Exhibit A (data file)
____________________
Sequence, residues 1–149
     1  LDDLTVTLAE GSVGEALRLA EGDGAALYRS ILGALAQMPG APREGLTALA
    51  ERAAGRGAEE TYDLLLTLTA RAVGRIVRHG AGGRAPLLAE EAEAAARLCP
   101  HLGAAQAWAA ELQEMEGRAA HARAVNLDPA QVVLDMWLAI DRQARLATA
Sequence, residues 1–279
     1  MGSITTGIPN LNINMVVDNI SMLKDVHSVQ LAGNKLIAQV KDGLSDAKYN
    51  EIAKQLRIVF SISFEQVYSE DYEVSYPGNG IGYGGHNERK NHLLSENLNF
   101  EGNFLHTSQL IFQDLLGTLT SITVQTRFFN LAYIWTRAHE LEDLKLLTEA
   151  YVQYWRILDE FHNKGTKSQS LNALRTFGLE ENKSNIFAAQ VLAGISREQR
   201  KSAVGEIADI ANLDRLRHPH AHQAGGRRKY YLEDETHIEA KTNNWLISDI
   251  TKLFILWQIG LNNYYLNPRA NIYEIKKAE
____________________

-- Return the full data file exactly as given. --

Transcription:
Sequence, residues 1–149
     1  LDDLTVTLAE GSVGEALRLA EGDGAALYRS ILGALAQMPG APREGLTALA
    51  ERAAGRGAEE TYDLLLTLTA RAVGRIVRHG AGGRAPLLAE EAEAAARLCP
   101  HLGAAQAWAA ELQEMEGRAA HARAVNLDPA QVVLDMWLAI DRQARLATA
Sequence, residues 1–279
     1  MGSITTGIPN LNINMVVDNI SMLKDVHSVQ LAGNKLIAQV KDGLSDAKYN
    51  EIAKQLRIVF SISFEQVYSE DYEVSYPGNG IGYGGHNERK NHLLSENLNF
   101  EGNFLHTSQL IFQDLLGTLT SITVQTRFFN LAYIWTRAHE LEDLKLLTEA
   151  YVQYWRILDE FHNKGTKSQS LNALRTFGLE ENKSNIFAAQ VLAGISREQR
   201  KSAVGEIADI ANLDRLRHPH AHQAGGRRKY YLEDETHIEA KTNNWLISDI
   251  TKLFILWQIG LNNYYLNPRA NIYEIKKAE